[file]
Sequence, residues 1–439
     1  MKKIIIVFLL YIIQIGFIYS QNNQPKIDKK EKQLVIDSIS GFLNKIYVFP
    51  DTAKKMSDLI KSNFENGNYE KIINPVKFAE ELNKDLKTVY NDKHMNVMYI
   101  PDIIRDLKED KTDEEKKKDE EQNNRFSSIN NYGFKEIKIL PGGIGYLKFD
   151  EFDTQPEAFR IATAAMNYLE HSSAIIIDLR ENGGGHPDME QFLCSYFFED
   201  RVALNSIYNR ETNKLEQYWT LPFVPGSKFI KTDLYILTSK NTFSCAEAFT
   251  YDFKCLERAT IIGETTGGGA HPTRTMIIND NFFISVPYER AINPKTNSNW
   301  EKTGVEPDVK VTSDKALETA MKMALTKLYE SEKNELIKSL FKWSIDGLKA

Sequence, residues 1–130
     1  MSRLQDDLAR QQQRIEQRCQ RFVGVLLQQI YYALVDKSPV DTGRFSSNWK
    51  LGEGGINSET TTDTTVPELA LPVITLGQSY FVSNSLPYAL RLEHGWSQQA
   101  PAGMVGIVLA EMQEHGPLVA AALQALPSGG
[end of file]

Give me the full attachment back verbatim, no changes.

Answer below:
Sequence, residues 1–439
     1  MKKIIIVFLL YIIQIGFIYS QNNQPKIDKK EKQLVIDSIS GFLNKIYVFP
    51  DTAKKMSDLI KSNFENGNYE KIINPVKFAE ELNKDLKTVY NDKHMNVMYI
   101  PDIIRDLKED KTDEEKKKDE EQNNRFSSIN NYGFKEIKIL PGGIGYLKFD
   151  EFDTQPEAFR IATAAMNYLE HSSAIIIDLR ENGGGHPDME QFLCSYFFED
   201  RVALNSIYNR ETNKLEQYWT LPFVPGSKFI KTDLYILTSK NTFSCAEAFT
   251  YDFKCLERAT IIGETTGGGA HPTRTMIIND NFFISVPYER AINPKTNSNW
   301  EKTGVEPDVK VTSDKALETA MKMALTKLYE SEKNELIKSL FKWSIDGLKA

Sequence, residues 1–130
     1  MSRLQDDLAR QQQRIEQRCQ RFVGVLLQQI YYALVDKSPV DTGRFSSNWK
    51  LGEGGINSET TTDTTVPELA LPVITLGQSY FVSNSLPYAL RLEHGWSQQA
   101  PAGMVGIVLA EMQEHGPLVA AALQALPSGG